Venlafaxine and clonidine both outperformed placebo in controlling hot flashes among women with breast cancer in a study published online Sept. 12 in the Journal of Clinical Oncology.
Effective treatments for hot flashes may improve these patients’ ability to continue their anticancer therapies, said Dr. Annelies H. Boekhout of The Netherlands Cancer Institute, Amsterdam, and her associates.
The SSNRI venlafaxine (Effexor) and the antihypertensive clonidine "both are often prescribed treatments and are recommended in clinical guidelines in the management of hot flashes. However, a three-arm trial comparing clonidine, venlafaxine, and placebo in patients with breast cancer has not been conducted" until now, they noted.
In their double-blind study at three Dutch hospitals, 102 women with breast cancer who experienced at least two hot flashes per day were stratified by age, duration of symptoms, concurrent endocrine therapy, and previous chemotherapy, and randomly assigned to receive 75 mg venlafaxine (41 patients), 0.1 mg clonidine (41 patients), or matching placebo (20 patients) daily for 12 weeks.
The women completed daily diaries recording the frequency and severity of hot flashes. They also reported every week on adverse events such as reduced appetite, nausea, sleepiness, dizziness, fatigue, dry mouth, and constipation. They recorded their sleep quality, anxiety, depression, and sexual function at 4 weeks and at the conclusion of treatment.
A total of 22 subjects (22%) either dropped out of the study or were lost to follow-up. Two patients (5%) in the venlafaxine group and six (15%) in the clonidine group cited adverse effects such as somnolence, dizziness, and dry mouth as their reason for discontinuing. Another 9% of patients discontinued because of noncompliance, which "had some effect on the observed differences between treatments in this study."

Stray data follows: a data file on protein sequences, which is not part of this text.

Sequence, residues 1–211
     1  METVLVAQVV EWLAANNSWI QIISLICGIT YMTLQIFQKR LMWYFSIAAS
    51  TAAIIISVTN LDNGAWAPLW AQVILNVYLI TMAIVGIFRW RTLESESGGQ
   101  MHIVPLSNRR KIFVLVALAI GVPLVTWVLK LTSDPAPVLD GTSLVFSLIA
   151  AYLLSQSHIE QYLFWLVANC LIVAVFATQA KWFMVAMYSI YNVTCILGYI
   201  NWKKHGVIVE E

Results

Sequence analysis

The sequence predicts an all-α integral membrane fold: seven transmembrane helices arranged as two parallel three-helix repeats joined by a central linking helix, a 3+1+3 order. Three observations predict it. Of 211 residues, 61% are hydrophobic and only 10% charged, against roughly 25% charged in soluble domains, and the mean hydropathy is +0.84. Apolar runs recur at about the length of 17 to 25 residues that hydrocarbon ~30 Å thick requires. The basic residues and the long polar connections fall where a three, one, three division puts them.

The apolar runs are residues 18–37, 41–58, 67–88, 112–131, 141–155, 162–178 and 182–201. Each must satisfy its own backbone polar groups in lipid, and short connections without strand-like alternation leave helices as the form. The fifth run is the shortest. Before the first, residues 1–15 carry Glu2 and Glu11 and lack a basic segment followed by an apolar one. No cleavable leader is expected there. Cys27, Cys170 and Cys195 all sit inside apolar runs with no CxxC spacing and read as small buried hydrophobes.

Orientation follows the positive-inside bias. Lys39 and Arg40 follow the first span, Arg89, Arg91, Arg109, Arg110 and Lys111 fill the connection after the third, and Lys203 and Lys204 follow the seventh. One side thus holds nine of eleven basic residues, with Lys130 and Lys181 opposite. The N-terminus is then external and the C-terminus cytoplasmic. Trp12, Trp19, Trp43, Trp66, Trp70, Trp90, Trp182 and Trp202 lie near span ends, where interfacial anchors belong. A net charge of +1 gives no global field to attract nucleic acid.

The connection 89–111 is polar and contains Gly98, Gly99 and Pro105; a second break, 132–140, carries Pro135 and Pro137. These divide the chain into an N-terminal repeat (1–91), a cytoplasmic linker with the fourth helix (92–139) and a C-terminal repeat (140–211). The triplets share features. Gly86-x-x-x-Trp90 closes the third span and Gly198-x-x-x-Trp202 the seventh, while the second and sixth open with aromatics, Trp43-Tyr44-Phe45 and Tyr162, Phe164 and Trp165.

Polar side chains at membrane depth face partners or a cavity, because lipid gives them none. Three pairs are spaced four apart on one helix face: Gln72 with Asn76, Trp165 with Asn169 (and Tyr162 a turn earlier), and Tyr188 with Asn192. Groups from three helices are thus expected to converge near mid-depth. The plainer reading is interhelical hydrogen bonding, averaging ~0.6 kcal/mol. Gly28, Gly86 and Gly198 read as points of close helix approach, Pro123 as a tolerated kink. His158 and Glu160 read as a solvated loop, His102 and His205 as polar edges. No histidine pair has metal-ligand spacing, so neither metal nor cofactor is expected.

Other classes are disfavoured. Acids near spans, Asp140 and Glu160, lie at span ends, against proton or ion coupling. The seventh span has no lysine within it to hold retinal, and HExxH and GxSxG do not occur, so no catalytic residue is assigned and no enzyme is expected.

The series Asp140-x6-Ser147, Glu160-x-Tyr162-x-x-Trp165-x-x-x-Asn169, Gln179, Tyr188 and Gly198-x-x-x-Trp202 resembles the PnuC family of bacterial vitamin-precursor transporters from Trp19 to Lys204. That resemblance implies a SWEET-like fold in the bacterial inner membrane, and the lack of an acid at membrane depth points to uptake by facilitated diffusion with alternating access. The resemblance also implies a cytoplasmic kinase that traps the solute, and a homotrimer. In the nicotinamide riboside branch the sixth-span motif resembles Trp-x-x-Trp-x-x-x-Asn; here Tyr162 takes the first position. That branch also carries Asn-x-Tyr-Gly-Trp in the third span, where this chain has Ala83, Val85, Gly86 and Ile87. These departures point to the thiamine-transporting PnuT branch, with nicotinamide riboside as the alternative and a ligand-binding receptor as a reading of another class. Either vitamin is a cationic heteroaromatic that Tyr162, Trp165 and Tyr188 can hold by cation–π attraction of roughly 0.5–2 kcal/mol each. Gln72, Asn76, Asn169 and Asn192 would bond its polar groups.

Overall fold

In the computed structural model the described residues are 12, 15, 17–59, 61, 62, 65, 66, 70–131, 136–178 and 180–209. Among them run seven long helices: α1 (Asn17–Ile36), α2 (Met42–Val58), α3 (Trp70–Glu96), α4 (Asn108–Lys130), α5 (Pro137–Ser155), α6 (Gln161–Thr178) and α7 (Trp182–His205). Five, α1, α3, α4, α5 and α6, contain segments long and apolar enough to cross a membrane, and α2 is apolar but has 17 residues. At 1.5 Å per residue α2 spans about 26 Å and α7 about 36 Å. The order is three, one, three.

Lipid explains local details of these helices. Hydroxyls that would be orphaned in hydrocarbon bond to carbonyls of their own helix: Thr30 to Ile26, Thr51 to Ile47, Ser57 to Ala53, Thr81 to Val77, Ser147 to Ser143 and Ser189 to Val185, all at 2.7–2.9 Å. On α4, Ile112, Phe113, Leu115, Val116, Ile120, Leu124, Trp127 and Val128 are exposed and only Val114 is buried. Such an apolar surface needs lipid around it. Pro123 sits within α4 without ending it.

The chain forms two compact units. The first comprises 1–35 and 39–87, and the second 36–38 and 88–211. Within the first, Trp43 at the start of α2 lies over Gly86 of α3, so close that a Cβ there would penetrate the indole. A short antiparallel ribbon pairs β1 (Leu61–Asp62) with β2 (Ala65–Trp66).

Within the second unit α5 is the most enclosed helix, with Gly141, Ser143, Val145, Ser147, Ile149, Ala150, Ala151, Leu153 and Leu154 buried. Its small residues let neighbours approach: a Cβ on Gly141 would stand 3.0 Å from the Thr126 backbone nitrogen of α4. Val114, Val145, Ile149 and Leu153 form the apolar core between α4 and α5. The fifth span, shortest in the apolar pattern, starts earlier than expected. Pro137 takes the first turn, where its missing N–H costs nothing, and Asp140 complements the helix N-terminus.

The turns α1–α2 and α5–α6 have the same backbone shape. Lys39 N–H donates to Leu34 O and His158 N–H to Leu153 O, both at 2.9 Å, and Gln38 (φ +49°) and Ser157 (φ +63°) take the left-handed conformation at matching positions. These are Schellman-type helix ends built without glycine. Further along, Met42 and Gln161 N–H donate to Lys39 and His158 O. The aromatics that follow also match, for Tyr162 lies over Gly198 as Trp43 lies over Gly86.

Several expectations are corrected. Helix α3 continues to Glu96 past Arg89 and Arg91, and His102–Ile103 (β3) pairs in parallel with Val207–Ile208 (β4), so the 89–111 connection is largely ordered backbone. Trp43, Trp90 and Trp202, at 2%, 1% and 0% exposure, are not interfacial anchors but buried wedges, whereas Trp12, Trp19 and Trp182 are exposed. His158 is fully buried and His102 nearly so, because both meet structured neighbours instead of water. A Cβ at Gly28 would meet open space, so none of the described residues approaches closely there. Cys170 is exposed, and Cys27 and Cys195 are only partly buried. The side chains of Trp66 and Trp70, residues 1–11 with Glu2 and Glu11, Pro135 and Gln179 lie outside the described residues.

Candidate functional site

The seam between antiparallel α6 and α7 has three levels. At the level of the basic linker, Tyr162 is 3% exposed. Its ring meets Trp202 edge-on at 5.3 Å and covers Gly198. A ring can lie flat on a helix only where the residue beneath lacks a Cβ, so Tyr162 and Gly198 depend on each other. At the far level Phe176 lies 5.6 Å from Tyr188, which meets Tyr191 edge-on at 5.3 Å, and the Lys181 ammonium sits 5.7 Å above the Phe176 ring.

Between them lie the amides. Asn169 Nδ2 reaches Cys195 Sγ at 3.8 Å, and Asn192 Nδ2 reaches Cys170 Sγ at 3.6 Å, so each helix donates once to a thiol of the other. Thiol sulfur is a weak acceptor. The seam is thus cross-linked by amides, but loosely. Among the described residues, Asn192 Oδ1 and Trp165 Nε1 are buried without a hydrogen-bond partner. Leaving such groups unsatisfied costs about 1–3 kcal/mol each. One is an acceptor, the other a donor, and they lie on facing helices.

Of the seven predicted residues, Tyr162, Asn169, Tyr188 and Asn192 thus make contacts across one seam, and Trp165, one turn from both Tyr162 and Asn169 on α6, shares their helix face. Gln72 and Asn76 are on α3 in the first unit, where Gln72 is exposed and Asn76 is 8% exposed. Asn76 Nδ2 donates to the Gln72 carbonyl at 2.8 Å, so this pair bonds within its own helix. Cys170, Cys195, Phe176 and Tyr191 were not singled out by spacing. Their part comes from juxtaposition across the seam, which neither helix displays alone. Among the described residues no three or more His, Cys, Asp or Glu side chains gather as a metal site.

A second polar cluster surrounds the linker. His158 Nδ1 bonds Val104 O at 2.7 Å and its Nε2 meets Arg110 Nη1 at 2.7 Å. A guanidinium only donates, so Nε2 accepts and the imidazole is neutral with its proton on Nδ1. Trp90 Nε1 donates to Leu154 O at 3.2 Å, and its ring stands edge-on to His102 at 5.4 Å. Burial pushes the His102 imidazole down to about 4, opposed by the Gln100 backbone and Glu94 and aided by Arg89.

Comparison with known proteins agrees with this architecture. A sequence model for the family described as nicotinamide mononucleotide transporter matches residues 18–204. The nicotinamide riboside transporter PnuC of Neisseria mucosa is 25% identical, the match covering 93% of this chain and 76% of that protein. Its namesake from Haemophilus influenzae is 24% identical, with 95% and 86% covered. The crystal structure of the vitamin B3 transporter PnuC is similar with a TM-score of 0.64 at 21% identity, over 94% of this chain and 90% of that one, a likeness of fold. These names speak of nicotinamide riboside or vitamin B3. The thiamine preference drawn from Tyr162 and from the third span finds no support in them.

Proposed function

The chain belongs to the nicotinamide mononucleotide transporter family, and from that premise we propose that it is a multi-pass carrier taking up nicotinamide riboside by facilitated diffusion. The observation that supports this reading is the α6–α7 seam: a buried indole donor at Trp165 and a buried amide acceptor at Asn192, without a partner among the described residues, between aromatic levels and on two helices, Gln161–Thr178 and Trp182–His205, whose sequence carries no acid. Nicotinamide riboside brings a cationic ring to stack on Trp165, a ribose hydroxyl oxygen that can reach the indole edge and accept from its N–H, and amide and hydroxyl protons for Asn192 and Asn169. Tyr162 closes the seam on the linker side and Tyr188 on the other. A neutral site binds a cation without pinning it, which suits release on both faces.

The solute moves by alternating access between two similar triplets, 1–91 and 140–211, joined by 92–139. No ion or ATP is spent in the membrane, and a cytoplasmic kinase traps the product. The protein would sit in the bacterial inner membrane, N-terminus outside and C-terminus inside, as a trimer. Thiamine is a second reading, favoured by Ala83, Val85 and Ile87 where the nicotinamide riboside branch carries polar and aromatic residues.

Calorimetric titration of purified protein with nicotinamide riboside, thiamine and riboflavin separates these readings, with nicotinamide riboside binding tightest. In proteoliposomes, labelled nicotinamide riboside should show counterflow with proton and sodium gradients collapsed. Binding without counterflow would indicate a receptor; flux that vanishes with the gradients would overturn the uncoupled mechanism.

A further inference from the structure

Among the 35 women assigned to venlafaxine who completed the trial, there was a 42% decline in hot flashes during weeks 1-4, compared with the placebo group. Over the entire study period, the reduction in hot flashes was 41% with venlafaxine, compared with placebo.
Among the 28 women assigned to clonidine who completed the trial, hot flashes declined by only 26% during weeks 1-4 but then declined another 22% during the remainder of the study, for an overall reduction of approximately 45%.
Thus, both active agents decreased the frequency and severity of hot flashes compared with placebo, with no discernible difference between the two by week 12. "A more rapid reduction of hot flashes suggests that venlafaxine is to be preferred over clonidine," Dr. Boekhout and her colleagues said (J. Clin. Oncol. 2011 Sept. 12 [doi:10.1200/JCO.2010.33.1298]).
They added that it is "advisable to treat patients to manage hot flashes with venlafaxine 37.5 mg daily in the first week and increase the venlafaxine dose to 75 mg if greater efficacy is desired."
A total of 14 patients (34%) in the clonidine group, 23 (56%) in the venlafaxine group, and 4 (20%) in the placebo group said they wished to continue the study treatment at the end of the trial.
Women taking clonidine reported more symptoms of anxiety and women taking venlafaxine reported more symptoms of depression. Sexual function and sleep quality did not differ between the two groups. However, the duration of this study may have been too short to adequately assess these adverse effects, the researchers noted.
No conflicts of interest were reported.